This scene, in other words, mocks those theories of moral sympathy proposed by Hume, Smith, Burke, and others. These philosophers, who assume that man's innate moral sense imaginatively thrusts him into the emotional situation of other men, argue that such a capacity for sympathy or fellow-feeling is the basis of moral decision. According to them, one does not do evil unto others because one feels how they would bc affected. One does not have to strain to experience what another feels since any normal man or woman does so automatically. But Lautréamont, who clearly has no such belief in the innate goodness of man, makes his character attempt desperately to experience the fates of others. Maldoror must do so because he looks at them as though they were laboratory specimens behind a pane of glass — removed, unconnected, alien. Lautréamont's protagonist sees himself as other than human; and indeed, he dispassionately uses his musket to murder a survivor who has almost reached the shore, thus making himself the murdering lieutenant of murdering nature.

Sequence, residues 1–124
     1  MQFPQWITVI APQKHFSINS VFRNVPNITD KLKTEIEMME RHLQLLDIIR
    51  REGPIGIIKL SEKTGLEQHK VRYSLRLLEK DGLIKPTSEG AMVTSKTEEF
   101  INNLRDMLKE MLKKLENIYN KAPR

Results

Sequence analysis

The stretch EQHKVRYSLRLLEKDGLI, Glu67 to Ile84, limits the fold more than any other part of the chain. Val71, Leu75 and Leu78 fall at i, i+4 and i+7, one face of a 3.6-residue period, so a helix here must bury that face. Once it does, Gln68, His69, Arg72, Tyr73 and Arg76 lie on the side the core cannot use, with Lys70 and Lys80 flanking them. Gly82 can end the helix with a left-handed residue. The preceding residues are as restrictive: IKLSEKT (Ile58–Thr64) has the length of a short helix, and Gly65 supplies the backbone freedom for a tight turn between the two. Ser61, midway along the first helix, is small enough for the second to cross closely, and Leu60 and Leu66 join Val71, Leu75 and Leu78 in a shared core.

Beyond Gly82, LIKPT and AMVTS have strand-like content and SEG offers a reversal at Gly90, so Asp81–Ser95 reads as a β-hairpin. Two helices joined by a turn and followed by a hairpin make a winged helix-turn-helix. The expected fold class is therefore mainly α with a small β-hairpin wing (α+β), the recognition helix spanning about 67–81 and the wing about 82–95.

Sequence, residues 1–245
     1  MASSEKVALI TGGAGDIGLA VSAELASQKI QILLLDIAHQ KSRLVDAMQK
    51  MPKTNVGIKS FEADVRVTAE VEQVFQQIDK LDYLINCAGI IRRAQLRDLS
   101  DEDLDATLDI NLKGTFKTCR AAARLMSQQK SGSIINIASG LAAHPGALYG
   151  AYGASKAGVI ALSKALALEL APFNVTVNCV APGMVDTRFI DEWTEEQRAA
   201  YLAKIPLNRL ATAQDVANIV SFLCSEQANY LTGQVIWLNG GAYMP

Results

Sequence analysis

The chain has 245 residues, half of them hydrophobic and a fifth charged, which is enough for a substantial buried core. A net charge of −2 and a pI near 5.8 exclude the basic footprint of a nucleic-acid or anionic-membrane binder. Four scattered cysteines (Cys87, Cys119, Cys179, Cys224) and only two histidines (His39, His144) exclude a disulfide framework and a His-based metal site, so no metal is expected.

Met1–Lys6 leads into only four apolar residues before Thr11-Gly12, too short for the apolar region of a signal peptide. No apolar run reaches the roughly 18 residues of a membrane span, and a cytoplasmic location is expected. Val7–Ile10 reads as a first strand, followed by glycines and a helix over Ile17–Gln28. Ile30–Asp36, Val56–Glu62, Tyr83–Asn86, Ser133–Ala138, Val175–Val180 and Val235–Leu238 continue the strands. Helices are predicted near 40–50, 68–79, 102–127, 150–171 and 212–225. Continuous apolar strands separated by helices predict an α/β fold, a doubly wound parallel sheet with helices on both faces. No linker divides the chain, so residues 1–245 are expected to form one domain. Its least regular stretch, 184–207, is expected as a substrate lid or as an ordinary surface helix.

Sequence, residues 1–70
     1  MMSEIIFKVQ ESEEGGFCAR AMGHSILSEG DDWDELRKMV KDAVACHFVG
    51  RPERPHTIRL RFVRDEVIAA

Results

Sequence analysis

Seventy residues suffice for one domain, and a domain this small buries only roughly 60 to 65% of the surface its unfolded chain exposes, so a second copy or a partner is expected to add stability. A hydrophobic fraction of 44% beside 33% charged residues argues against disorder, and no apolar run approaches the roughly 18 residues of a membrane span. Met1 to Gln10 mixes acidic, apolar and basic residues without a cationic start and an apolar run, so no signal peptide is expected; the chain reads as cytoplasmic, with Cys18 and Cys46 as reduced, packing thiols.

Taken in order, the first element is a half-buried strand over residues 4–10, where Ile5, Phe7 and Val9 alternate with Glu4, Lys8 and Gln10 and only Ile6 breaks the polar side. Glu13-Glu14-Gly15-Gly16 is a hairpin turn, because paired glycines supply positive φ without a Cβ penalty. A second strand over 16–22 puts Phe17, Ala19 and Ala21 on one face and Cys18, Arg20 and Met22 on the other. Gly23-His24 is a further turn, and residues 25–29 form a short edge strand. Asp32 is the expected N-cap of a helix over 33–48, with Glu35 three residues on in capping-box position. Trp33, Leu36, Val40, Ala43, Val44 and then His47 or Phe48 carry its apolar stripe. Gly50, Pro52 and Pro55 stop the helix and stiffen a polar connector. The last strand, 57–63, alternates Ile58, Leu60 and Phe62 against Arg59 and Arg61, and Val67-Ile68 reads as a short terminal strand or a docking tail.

Maldoror, in other words, is in large part a case study of a man without what the philosophers who provided the foundations of Romanticism took to be a defining human faculty. If Tristram Shandy is simultaneously a parody of Locke's ideas and a moral case study of what happens if one does not live according to them, then one might say that Les Chants de Maldoror is a similar double parody of the moral philosophers who responded to Locke.1 One must be careful, however, not to oversimplify Lautréamont's surrealistic, decadent playing upon the perspectival conventions of the shipwreck paradigm since his work so concerns itself with parody and grim inversion. In the passage at which we have looked, for example, he mocks not only theories of the moral imagination but also the Romantic prospect poem, both pre- and post-Romantic shipwrecks, and the Gothic situation of survivors beset by robbers on the beach. At the same time, the narrator's continuous revisions of the event while it is supposedly taking place (such as his later mention of infants and old women aboard a warship) suggest that this often strained representation of disaster is entirely imagined and not experienced by Maldoror. Similarly, his obvious projection of self-hatred and yearning for death upon these imagined victims further complicates the significance of the shipwreck section Les Chants de Maldoror. Nonetheless, one thing is clear: Lautréamont seeks his primary effect by playing upon the traditional Christian association of the shipwreck with a divine point of view removed from the disaster.